Meniga does this in an exceptional easy way. Based in Iceland, this fintech startup has partnered with Santander - Europe's largest bank - to offer their services to retail banks on a subscription basis. What's the buzz surrounding this fintech? They simply provide a money management software for the banks' clients. That's it. What makes the old fashioned service so successful is that it utilizes the demand that clients of the old-fashioned banks have, while utilizing the familiarity of an app akin to the familiarity of a Facebook feed for users. Nothing is shared or social, but the software acts in a way that is both comfortable and familiar to users, allowing them to swallow the often dreaded and ignored topic of personal finance. This could have major implications for a more healthy relationship between people and their financial activities.
Most fintech startups are going to waste capital and resources on the company's blog, social media accounts, and duking it out with other fintech entrepreneurs over the internet when they should be focused on improving the product or service at all angles. The absolute easiest way for these startups to save money to is to only focus on those projects that improve the idea forward. Yes, advertising will eventually be necessary and no one is likely to find your game changing technology without some SEO and social clout on Twitter. That stuff can wait until you have a tested model that can be implemented and shown off to venture capitalists.
The costs you will not want to skimp out on are all of those associated with compliance and the legal elements. Forming a relationship with a financial institution to share with them your data, product, or service on any number of levels not limited to licensing and subscription services will require a stalwart legal team. Covering your butt here could save millions in the future!
One of the biggest financial problems in The United States is the growing student loan crisis. Several years ago this debt eclipsed national credit card debt and it doesn't look like it's going to slow down any time soon. Consider a startup like CommonBond, which acts as a refinancing company for graduates who need help. Their solution is simple, look beyond the credit score and assess a borrower's' other attributes such as their work history and the money they've held in a savings account. This company is using their world changing ideas to tackle a specific problem with a specific solution.
As the twenty-first century speeds along with world-changing technology it becomes clearly and clearer that our lives are getting easier and at the same time busier. Technology improves our lives while demanding more from us. From the smartphones we use every day to the eventual self-driving cars produced by Google, we are presented with a better use of our time. Time might become the new currency of the future and fintech startups would be wise to work on projects that respect retail client's time. Automation respects that valuable time.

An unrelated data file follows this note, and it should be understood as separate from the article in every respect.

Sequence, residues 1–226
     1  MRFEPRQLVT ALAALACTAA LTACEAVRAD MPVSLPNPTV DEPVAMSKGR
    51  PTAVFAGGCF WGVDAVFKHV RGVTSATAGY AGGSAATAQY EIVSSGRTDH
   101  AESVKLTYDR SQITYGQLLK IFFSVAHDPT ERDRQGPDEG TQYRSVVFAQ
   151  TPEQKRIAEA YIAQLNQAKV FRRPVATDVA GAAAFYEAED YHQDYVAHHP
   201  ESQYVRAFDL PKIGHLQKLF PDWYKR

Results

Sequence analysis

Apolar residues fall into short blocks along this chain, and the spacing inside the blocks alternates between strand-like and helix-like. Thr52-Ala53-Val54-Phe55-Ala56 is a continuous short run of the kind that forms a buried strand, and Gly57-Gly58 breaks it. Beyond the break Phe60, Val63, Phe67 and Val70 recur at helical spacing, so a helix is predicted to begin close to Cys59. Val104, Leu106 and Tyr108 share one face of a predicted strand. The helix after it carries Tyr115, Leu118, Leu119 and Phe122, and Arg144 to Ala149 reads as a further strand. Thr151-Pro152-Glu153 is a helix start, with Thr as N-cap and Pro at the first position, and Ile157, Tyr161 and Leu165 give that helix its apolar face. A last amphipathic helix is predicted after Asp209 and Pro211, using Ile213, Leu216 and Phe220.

An excellent example in fintech automation is the quietly successful Stripe. Stripe allows users to accept payments through their website or merchant store, often with the implementation of a single piece of code. Simplicity is powerful and financially valuable. Consider technologies that encourage automation whenever possible.
The central theme in this guide seems to suggest that rather than replacing the banks and trying to do their business better than them, fintech startups should at least start off by working in close concert with the financial institutions. Aside from the myriad reasons laid out, a growing number of fintech startups are running into trouble by trying to replace the bank completely by being the client's personal bank vault.
Handling other people's money brings forth a whole new breed of legal precedent that will eat away at time and money, not to mention legal fees that will cause even the best funded startups to sink. The regulatory licensing required to act as an investment trading service or money transfer company is bound to take up thousands in legal fees and likely years before a decision can be made. That said, There are plenty of peer-to-peer and micro lending companies that are succeeding at handling money. Make sure that is the right path for you.
One of the many reasons fintech startups can use the assistance of venture capital is the suite of market data and information they can provide the budding entrepreneur. Just because you've read it free online doesn't make it eligible for copying or even simply using. Make no mistake, data, no matter who it is received is intellectual property.
Market data is absolutely paramount to identifying a niche problem and exploiting the opportunity to make money. This is especially true for fintech startups focusing on the capital markets and equities. Before utilizing any data to build a model or service product, ensure you have the right licensing for commercial use. Venture capitalists will pull funding before you even get started if they find you're in violation of scraped data.